The eight principles of successful optimism
Inspired by Meaning 2017, we explore eight ideas on practical positivity – and measure ourselves against them.
We’ve been doing some soul searching as an organisation. Looking into the mirror that we hold up to clients in our daily work, we asked ourselves some challenging questions. Does our sense of purpose reflect what our world needs? Does it fit with our individual beliefs and ambitions? Is it achievable? Is it good enough? Inevitably some of the answers will take time to fully emerge. But in reappraising our own reason for being, we felt a renewed optimism: one grounded in helping others to keep their vision for a better world alive.
Optimism, purpose, perseverance and adaptability. These were the themes we felt resonate through this year’s Meaning Conference in Brighton.
It would be easy to resign ourselves to the “blood-dimmed tide” of cynicism threatening to snuff out our dream of a decent society. A couple of pints in the pub is all it takes to see that the world is f**ked, as author and futurologist Mark Stevenson joked in his opening speech.
Mercifully the tone of the gathering lifted as Stevenson went on to introduce some truly inspiring heroes of social and environmental enterprise. Shining beacons of humanism, innovation and sheer resilience.
Listening to their stories of action was a pertinent reminder that defeatism breeds indifference, and that each and every one of us who wants positive, meaningful change is responsible for making it happen.
Optimism that opens doors
Disgusted by the child-slavery pervading chocolate production, Dutch investigative journalist Tuen van de Keuken went to great lengths to draw the world’s attention to it. Specifically by taking himself to court as a colluder in chocolate crime (through eating several offending choc bars). But the case failed: the bars he ate couldn’t be linked to specific cocoa growers. So he founded Tony’s Chocolonely – chocolate made with fully traceable, slave-free Fairtrade cocoa – and discovered that the best way to stand against something wrong is to do something right.
The lesson: optimism is only useful if you do something with it. This demands from all of us the vision and perspicacity to see what is otherwise beyond ourselves, and the energy and compassion to put it into practice.
So after filling our boots with hope, we decided to take up Meaning’s invitation to judge ourselves against the eight principles of successful optimism…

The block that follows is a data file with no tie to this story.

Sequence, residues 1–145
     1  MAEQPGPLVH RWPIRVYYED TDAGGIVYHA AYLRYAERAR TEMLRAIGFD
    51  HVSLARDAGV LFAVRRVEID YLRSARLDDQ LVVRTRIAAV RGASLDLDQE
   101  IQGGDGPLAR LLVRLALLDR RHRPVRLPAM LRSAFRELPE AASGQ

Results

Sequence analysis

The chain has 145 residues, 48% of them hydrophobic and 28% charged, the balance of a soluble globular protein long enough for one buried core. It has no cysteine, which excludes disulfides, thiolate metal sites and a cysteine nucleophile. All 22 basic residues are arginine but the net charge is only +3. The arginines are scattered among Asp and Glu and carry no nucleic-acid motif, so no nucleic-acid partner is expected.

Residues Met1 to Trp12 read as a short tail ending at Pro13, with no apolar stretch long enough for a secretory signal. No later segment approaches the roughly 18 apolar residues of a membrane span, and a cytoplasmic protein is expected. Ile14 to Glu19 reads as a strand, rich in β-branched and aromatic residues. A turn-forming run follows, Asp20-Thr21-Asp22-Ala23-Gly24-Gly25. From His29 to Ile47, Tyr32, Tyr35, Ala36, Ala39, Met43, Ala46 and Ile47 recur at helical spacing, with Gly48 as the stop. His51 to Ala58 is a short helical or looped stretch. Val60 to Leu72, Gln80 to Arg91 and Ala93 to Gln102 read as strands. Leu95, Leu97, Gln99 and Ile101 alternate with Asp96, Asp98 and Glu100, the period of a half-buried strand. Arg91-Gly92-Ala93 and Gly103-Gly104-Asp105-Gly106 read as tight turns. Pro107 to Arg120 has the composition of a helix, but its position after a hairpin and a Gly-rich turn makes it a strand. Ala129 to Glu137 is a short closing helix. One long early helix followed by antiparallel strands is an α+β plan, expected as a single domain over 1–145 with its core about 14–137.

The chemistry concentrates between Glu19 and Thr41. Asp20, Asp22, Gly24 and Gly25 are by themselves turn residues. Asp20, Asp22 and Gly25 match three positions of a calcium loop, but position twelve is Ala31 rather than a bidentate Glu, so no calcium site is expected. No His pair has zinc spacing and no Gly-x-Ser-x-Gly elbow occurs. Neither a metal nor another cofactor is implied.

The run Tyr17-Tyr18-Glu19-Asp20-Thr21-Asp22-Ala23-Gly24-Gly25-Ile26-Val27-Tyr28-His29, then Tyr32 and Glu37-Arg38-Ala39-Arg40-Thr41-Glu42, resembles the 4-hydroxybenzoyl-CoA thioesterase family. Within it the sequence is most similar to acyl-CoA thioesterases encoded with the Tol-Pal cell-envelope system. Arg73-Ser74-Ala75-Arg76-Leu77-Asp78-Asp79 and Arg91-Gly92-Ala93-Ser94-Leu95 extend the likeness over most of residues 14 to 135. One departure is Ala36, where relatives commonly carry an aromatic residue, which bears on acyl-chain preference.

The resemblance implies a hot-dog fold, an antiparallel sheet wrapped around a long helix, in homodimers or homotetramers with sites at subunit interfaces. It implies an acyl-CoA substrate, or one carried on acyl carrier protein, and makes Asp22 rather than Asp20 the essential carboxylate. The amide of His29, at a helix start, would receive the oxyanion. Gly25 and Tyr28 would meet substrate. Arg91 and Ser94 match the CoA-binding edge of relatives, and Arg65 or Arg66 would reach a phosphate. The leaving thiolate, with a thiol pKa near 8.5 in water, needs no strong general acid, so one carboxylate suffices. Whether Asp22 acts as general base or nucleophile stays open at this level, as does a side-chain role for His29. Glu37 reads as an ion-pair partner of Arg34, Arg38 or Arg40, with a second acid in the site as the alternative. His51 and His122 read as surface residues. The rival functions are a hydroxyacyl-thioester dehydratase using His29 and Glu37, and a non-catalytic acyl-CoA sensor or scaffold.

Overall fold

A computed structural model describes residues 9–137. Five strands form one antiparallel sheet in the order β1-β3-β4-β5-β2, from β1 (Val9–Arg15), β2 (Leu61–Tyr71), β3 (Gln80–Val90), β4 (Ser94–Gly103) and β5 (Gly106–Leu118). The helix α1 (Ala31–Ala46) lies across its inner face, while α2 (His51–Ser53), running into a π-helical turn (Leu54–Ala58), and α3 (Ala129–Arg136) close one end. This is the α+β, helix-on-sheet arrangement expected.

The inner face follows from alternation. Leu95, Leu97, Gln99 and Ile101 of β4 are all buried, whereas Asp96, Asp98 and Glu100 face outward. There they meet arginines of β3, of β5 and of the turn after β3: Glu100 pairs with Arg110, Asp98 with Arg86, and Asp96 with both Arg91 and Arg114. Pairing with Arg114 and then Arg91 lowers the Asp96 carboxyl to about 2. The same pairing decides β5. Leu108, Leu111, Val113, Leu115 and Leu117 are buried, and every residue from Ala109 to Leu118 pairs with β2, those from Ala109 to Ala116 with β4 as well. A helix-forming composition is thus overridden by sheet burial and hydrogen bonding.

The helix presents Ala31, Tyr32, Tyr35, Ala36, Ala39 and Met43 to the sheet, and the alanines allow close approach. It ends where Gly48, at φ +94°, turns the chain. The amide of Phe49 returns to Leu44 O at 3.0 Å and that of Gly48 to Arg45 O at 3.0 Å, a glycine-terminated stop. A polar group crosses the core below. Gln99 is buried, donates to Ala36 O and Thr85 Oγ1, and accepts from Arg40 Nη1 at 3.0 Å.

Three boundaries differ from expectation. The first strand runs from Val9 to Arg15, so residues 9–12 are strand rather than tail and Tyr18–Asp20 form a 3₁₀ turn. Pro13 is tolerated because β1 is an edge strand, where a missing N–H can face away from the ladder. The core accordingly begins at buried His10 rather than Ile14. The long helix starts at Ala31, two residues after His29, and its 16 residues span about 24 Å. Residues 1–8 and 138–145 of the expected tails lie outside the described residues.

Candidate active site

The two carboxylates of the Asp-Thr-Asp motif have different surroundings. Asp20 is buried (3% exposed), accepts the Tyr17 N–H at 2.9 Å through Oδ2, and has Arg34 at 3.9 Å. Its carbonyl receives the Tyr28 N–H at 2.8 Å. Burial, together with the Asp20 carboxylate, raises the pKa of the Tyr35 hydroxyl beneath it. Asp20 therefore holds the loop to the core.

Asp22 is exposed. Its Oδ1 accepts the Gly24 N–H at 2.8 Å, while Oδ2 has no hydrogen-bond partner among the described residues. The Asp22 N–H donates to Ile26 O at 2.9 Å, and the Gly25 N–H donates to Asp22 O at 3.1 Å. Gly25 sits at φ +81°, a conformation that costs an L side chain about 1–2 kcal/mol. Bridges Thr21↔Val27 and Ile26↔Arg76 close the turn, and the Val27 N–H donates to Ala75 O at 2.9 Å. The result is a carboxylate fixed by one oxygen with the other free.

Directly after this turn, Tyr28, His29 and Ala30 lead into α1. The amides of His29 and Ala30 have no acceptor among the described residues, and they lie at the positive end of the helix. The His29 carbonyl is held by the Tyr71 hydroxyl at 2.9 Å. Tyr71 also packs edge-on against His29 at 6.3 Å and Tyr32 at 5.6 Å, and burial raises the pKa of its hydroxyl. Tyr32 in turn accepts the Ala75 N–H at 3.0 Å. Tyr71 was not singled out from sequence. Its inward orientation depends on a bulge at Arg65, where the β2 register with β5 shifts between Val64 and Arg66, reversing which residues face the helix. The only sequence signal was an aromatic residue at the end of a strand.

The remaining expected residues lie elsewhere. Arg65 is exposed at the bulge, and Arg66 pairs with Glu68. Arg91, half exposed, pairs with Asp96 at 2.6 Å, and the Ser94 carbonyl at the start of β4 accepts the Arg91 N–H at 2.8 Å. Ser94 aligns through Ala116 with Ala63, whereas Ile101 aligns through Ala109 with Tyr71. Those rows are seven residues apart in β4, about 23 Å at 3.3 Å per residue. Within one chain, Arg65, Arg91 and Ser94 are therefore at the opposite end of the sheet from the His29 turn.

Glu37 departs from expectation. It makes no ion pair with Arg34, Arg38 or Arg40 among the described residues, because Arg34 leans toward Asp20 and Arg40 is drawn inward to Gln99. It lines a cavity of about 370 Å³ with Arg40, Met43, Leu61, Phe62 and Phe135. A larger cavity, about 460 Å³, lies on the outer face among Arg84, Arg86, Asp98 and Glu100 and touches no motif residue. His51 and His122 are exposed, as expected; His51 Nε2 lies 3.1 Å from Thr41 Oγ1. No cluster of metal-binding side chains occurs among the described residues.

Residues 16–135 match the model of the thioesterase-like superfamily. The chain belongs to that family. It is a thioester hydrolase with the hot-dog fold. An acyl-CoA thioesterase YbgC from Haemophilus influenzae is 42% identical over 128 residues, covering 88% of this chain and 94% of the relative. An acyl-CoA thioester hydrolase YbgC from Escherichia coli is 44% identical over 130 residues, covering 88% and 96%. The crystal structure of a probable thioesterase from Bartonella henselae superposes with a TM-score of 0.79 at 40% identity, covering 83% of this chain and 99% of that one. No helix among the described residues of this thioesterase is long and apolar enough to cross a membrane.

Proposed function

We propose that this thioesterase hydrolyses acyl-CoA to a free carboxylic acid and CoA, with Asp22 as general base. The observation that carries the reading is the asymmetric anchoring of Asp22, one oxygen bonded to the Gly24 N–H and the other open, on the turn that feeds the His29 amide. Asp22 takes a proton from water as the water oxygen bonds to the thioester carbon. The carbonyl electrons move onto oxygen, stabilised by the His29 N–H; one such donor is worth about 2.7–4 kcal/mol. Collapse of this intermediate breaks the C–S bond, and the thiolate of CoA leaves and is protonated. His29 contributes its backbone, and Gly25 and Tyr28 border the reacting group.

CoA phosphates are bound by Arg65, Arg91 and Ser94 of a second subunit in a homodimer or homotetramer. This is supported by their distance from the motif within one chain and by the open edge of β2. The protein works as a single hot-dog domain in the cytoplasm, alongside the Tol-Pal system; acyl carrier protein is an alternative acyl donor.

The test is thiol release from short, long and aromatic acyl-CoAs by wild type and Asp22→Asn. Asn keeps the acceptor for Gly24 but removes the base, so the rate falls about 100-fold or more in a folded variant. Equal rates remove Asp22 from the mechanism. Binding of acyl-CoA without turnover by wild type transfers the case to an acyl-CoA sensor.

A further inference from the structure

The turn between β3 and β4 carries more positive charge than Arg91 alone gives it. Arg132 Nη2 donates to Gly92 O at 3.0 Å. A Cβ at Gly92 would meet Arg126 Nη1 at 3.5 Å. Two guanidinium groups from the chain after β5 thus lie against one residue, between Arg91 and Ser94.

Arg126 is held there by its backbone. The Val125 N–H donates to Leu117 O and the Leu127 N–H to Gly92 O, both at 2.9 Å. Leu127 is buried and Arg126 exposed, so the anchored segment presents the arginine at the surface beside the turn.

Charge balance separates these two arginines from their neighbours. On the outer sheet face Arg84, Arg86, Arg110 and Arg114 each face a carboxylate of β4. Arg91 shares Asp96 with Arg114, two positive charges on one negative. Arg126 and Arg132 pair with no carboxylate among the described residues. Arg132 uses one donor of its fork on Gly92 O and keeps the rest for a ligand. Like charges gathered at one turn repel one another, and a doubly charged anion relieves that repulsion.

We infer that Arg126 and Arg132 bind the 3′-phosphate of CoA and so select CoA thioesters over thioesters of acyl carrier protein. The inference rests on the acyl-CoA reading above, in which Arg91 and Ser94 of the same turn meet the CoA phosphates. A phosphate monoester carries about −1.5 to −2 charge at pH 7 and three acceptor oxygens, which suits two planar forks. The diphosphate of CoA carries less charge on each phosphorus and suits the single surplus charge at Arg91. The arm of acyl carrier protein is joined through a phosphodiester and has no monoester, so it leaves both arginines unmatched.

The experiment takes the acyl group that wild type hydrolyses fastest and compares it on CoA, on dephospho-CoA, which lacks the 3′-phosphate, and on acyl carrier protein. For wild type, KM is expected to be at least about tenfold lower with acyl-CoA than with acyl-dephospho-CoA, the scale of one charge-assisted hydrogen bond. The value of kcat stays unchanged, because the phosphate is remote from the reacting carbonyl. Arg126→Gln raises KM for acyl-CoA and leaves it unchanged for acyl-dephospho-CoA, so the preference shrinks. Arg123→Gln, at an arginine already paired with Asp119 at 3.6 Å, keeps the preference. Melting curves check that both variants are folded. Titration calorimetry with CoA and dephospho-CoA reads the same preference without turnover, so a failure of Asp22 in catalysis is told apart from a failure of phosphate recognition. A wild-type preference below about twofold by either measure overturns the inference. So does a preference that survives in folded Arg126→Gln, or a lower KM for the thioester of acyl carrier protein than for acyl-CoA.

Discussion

1. Have unashamed optimism and ambition about the future
Optimism is in our blood. We wouldn’t be doing what we do if we didn’t think it was worthwhile. As a creative team that helps charities, not-for-profits and sustainable businesses build their brands around social and environmental purpose, we’re on the side of the optimists. Consequently, our faith in humankind goes with the territory.
But there’s always room for bigger or different ways of thinking. Our commitment to the Teal principle of evolutionary purpose helps us to avoid becoming too comfortable. We constantly explore and challenge ourselves with the intention of making our vision, and those of our clients, matter more.
Our score: 8/10
2. Engage in projects that are bigger than us
Most of what we do, if we consider the impact, is bigger than us. Over the past 15 years, we’ve worked with some of the world’s most ambitious organisations: game-changers in healthcare, human rights, the environment, education, global development and equitable trade.
We believe in collective intelligence and expertise. We find that co-creating with clients usually leads to the best creative outcomes – and communications they really get behind. And we collaborate with our peers when a project’s scope requires a skill-set broader than our own.
Our score: 9/10
3. We are what we do, not what we intend to do
To invoke the brutal but kind wisdom of author and Meaning speaker Margaret Wheatley: “Expectations are just premeditated disappointments.”
If you want to change the world, proposed Wheatley, try starting with yourself and the world immediately around you. This is the insight that prompted chocolate pioneer Tuen van de Keuken to turn protest into productivity. And for Zoe Nicholson to shift her efforts from the upper echelons of the NHS to reinventing public-health services at Here in Brighton.
At Neo, each one of us is involved in a community initiative, whether it’s uniting people through a common interest or donating our skills for the benefit of others. Nevertheless, we could always do more…
Emerging from “the mist of motherhood”, our Becky imagined how great it would be to have a craft-loving parents group: a space to resurface and reconnect through creativity, as well as enjoy a bit of adult conversation beyond the nuances of organic nappy-cream. So she promptly started one (more on that in our next blog post).
Our score: 7/10
4. Making mistakes is OK, but not trying is irresponsible